At a hearing on September 14, 1974 appellant Henson presented evidence in an attempt to obtain a temporary restraining order for the purpose of gaining admission to the already-commenced fall session at the law school. Appellant, the dean and assistant dean of the law school, and the chairman of the admission committee testified. Preliminary relief was not granted. No further hearing was held by the district court prior to the entry of the dismissal order appealed from here. However, attorneys for appellant concede that they presented their entire case at the TRO hearing.


On November 12, 1974 the district court dismissed the action stating, in an unpublished memorandum opinion, that appellant Henson had not shown that she had been injured by the complained of admission policy. The court found no substantial evidence to suggest that Henson would have been admitted to the law school if the school had not admitted black applicants with lower grades and LSAT scores. We find no evidence in the record that convinces us that the district court's finding of fact in this regard was incorrect.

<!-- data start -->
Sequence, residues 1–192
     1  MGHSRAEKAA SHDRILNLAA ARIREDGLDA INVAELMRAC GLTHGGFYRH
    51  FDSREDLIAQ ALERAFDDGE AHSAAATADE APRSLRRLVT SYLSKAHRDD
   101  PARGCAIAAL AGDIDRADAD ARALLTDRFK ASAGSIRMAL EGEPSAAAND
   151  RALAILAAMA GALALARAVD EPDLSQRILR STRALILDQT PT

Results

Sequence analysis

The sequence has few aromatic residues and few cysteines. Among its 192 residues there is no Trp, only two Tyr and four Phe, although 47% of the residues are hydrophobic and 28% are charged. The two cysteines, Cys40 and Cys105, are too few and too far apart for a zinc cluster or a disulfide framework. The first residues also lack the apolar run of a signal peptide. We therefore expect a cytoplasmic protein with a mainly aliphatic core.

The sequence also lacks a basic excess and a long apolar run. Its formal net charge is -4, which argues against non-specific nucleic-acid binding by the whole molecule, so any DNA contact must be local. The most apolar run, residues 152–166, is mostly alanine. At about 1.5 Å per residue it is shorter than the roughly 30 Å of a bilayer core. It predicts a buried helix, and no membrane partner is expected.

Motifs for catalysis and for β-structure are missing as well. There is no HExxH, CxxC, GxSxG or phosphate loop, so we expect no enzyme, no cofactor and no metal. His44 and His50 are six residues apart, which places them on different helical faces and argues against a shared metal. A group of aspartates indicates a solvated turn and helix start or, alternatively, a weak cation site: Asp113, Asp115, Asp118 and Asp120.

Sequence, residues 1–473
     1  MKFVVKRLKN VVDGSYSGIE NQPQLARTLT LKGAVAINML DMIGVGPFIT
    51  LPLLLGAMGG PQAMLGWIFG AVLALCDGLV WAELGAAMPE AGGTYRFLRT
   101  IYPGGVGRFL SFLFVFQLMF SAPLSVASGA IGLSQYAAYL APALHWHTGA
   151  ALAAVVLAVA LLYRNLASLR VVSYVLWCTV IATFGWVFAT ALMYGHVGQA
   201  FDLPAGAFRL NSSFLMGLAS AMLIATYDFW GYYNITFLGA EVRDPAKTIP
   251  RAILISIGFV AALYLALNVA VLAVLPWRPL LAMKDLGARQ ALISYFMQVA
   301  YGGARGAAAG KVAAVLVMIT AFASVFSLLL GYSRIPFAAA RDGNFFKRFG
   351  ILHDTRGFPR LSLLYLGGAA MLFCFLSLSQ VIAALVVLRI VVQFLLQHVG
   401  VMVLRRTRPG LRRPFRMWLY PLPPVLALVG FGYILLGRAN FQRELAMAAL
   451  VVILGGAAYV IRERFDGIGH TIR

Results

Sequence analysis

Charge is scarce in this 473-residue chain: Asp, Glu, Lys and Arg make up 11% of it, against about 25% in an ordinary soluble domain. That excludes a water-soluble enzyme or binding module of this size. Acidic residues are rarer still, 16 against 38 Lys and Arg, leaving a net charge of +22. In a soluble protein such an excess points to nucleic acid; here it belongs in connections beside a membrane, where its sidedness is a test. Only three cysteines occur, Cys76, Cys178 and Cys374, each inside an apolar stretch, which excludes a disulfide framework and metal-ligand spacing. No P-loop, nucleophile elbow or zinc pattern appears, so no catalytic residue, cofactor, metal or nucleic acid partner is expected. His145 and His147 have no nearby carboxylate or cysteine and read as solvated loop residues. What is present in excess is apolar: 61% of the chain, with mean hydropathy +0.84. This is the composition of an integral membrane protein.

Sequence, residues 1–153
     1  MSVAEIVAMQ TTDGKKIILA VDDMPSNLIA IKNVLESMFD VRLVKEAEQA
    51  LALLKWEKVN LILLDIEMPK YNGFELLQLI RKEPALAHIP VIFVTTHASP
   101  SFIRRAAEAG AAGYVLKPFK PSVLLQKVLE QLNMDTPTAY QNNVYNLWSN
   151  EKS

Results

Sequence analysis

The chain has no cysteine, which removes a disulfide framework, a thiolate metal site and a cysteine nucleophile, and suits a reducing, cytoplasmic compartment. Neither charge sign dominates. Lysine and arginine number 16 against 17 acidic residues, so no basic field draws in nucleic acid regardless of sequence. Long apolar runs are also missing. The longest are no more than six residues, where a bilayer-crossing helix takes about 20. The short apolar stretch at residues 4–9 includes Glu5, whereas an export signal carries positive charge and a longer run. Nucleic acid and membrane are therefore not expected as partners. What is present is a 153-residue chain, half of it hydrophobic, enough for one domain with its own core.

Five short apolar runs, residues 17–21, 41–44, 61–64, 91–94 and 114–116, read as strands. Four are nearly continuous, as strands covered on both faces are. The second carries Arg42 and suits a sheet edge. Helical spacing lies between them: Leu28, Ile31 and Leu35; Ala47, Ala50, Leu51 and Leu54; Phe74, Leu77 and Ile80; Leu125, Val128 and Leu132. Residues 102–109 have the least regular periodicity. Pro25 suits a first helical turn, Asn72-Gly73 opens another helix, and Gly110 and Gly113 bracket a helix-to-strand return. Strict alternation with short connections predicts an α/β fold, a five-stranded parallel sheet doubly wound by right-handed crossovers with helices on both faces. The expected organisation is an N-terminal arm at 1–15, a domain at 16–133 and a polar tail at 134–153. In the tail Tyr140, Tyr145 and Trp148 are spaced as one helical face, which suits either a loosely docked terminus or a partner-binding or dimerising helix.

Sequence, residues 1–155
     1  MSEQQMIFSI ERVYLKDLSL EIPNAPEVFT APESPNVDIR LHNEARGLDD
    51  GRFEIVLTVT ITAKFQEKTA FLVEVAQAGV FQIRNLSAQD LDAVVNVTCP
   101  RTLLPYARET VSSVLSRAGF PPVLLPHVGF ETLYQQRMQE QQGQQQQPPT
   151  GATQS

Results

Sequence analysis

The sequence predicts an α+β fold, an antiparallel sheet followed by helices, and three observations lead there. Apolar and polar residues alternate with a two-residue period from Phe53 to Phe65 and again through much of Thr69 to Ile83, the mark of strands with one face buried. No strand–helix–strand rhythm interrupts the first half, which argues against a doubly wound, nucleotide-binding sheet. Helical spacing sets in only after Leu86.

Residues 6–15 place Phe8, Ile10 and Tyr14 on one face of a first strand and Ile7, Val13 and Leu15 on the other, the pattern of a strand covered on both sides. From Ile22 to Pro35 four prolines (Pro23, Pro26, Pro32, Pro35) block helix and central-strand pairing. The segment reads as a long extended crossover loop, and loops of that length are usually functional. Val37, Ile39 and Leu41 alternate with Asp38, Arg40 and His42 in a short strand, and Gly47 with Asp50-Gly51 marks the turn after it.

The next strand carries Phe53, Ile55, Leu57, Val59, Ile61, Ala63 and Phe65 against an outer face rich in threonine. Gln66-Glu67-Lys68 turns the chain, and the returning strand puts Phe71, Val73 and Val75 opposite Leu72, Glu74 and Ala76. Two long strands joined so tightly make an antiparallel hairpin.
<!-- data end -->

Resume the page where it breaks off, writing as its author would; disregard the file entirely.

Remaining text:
The focal point of appellant's complaint is the policy statement pursuant to which the law school admitted prospective students for the fall, 1974 class. Initially, each applicant's "prediction index" was computed by multiplying the undergraduate grade point average by 200 and adding the applicant's LSAT score. The great majority of the class was admitted on the basis of index scores alone. The lowest prediction index of any student admitted under this category was 1049. Appellant Henson's index score was 962. She does not contend that this use of prediction indexes constituted a violation of her rights.